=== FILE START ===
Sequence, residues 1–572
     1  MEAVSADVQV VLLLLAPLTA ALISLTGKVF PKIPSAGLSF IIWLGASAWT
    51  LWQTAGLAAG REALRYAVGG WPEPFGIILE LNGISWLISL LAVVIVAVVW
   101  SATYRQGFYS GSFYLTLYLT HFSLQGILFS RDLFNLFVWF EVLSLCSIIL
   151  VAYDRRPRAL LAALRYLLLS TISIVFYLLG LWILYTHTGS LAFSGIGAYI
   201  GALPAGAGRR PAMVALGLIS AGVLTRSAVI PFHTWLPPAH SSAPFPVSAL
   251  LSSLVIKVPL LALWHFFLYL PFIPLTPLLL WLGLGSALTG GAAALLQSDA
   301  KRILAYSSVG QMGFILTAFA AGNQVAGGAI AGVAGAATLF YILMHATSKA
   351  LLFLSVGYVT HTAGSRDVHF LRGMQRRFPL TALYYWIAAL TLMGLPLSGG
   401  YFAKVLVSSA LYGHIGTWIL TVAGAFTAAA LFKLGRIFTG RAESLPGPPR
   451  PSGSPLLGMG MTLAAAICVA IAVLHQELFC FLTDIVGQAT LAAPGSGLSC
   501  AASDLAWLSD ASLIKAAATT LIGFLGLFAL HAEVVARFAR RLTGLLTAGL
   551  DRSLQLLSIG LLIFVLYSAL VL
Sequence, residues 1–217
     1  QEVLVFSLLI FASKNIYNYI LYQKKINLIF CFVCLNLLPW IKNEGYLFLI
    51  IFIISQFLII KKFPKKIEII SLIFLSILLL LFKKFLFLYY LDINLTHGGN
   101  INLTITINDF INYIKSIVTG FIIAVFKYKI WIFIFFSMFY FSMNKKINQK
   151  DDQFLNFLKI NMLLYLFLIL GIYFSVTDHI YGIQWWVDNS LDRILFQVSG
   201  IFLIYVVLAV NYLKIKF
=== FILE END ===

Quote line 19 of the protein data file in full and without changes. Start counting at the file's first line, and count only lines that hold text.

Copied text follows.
   201  IFLIYVVLAV NYLKIKF